Best cookbook gifts of 2008

[image-1]The 600-page book (not counting multiple inserts that include Adria's resume, sample menus and wisdom about creativity) contains luscious photos, an almost minute-by-minute illustrated schedule of the day, and 30 recipes representing the 30 dishes served as elBulli's tasting menu. As if the reminder on the cover weren't enough ("2,000,000 requests for 8,000 places every year"), it'd be an enormous feat for the home cook, or any other cook for that matter, to execute any of these dishes. Even if you could find the ingredients for, say, the monkfish liver fondue with ponzu and white sesame-flavored kumquat, Adria uses equipment most of us have never heard of. But that's the truth and beauty of elBulli and the reason for the millions of reservation requests and the fawning, pornarific Phaidon book. Think of it as an art book rather than a cookbook and it becomes a fascinating and inspiring read, and a great gift for the rabid foodies in your life.

[image-2]On the opposite side of the spectrum, Michael Ruhlman has written The Elements of Cooking (Scribner, $24), based on the grammar classic The Elements of Style. Much like its inspiration, Ruhlman's book is a beginners guide, covering such topics as salt, stock, and tools, with an A to Z of everything kitchen- and cooking-related. But also like The Elements of Style, the book can serve as an indispensable reference for even the most seasoned among us. Ruhlman is opinionated, witty and smart, making for a great read and a thoughtful gift for a cook of any level.

[image-3]Another book great for any level of cook, especially those Francophiles on your list (we all have them, don't be embarrassed), is The Complete Robuchon (Knopf, $35). In some ways, the book's objective is the opposite of elBulli's – rather than showcase the extreme difficulty of restaurant cooking at its highest level (Joel Robuchon has more Michelin stars than any other chef, so I'm assuming he's fully capable of such a book), The Complete Robuchon aims to provide the basics of French cooking for the home cook. There are no photos, and instructions are straightforward and simple. Cook your way through this book and you'll have a firm grasp on French cooking's fundamentals from one of the tradition's great masters.

[image-4]If you have a friend who's been harping all year about wanting to get back to the land and raise livestock – maybe only I have friends like that, but I like to think not – you should consider The River Cottage Cookbook (Ten Speed Press, $35). Originally released in the U.K. in 2001, this new, slightly Americanized version is full of invaluable lessons on how to keep, kill and butcher livestock, as well as recipes to guide you once the butchering is done. Not for the faint of heart, but a must-have for the proud carnivore.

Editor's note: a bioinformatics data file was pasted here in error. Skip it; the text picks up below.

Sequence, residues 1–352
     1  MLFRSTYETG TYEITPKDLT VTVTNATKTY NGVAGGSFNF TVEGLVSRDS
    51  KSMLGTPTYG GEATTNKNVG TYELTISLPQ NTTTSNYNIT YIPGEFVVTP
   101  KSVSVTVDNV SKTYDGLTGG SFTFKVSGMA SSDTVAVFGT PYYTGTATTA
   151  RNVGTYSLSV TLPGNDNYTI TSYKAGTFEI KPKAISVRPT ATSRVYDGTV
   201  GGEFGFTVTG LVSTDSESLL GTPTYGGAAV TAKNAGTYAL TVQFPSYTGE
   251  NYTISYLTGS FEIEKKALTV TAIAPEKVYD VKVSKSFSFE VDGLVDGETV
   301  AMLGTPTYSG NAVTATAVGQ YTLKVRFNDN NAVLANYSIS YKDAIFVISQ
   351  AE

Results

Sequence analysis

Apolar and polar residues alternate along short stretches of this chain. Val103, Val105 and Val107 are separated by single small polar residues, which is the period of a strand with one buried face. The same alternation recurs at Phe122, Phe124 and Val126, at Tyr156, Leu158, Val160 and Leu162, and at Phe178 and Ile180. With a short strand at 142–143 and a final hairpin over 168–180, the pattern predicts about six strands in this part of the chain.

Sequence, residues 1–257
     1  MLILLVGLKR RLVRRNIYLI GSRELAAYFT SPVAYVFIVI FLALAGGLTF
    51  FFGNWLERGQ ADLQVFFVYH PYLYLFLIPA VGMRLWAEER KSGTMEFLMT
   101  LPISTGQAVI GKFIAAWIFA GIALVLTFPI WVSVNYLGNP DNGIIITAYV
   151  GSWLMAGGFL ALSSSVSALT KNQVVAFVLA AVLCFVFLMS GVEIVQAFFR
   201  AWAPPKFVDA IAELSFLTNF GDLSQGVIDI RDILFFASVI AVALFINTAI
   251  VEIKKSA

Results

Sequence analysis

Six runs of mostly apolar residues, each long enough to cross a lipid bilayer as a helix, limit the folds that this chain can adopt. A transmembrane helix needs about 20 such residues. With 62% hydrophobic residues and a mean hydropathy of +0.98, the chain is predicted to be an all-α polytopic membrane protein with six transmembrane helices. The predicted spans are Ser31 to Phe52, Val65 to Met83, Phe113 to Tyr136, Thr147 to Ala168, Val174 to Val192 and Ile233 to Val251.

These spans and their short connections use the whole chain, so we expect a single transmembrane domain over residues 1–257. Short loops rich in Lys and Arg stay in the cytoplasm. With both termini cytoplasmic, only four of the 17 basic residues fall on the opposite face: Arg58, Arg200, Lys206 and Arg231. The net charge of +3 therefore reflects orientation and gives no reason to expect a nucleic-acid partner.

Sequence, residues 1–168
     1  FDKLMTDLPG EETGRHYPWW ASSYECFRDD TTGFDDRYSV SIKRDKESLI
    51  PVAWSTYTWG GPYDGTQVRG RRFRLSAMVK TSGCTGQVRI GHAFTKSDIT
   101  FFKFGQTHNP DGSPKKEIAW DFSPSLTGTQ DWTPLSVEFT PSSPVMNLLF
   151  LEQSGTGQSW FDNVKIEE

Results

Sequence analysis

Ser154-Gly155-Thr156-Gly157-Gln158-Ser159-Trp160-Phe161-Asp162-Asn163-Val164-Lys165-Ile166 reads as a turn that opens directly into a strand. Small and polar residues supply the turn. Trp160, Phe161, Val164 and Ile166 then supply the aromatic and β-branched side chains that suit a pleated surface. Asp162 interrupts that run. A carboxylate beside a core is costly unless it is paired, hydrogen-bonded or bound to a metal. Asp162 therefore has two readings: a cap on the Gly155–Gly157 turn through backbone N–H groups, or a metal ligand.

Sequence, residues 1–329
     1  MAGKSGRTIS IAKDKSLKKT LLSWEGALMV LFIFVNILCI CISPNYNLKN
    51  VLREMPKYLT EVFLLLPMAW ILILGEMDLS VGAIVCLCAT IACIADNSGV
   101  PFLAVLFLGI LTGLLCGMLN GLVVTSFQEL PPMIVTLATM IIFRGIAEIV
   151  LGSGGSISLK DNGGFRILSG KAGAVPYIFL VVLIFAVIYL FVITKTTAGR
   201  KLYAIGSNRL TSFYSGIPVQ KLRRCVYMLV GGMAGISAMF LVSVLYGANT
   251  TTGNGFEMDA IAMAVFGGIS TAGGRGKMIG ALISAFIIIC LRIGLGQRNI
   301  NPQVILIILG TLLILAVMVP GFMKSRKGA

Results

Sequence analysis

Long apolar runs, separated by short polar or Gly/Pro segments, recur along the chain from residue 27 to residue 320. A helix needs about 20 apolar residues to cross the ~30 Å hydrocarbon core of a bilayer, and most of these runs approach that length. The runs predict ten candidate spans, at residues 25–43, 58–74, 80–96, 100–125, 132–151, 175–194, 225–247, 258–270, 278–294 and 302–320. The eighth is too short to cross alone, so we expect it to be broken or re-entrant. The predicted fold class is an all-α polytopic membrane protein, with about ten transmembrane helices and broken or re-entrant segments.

[image-5]Two ethnic cookbooks stood out to me this year. The first, Izakaya: The Japanese Pub Cookbook (Kodansha International, $25), uncovers the delight, etiquette and flavors of Tokyo's best pubs. Recipes are straightforward and easy to accomplish as long as you can find the ingredients. Warning: Copious sake drinking may ensue.

[image-6]The other came across my desk randomly, but has already become a favorite within my curry-loving family. 660 Curries (Workman, $32.50) is an exhaustive tome of Indian home cooking, and is especially enlightening if you're used to using pre-mixed curry powders. Author Raghavan Iyer offers so many variations of spices blended in different ways, it allows a fuller understanding of how exotic flavors are actually crafted. There are also invaluable tips, such as how to make Indian breads at home without fancy ovens or tools.

One of my favorite gifts to give, though, is a homemade cookbook (approx. $6). If you have an arsenal of recipes already, it's as simple as buying an inexpensive but attractive journal and transcribing your favorite recipes into the book. But even if you can't cook, there's an easy way to make something thoughtful. Just search online for recipes you think the recipient might like. Are they vegetarian? Look for great chefs' vegetarian recipes. Do they love cocktails? Search for signature cocktail recipes from the country's best restaurants. Then just print them, cut them out in artsy shapes and paste them into the pages of the journal.

To give a cookbook as a gift is an act of nourishment. You hope that your offering will inspire and ultimately feed the recipient. You hope he/she will think of you while standing in the kitchen, excited and covered in flour.

Perhaps the year's best cookbook, or at least the most lavish, isn't nourishing to anything but your brain and fantasy life. A Day at elBulli: An Insight into the Ideas, Methods and Creativity of Ferran Adria (Phaidon Press Inc., $49.95) is less a cookbook than an act of highbrow food porn – and I mean that in a more literal sense than the term "food porn" usually conjures. The meticulous chronicling of "the best restaurant in the world" walks us through every aspect of the cutting-edge eatery in northern Spain, but it quickly becomes apparent that the true experience of elBulli is unattainable. We can look, but we can't touch, and we certainly can't taste.

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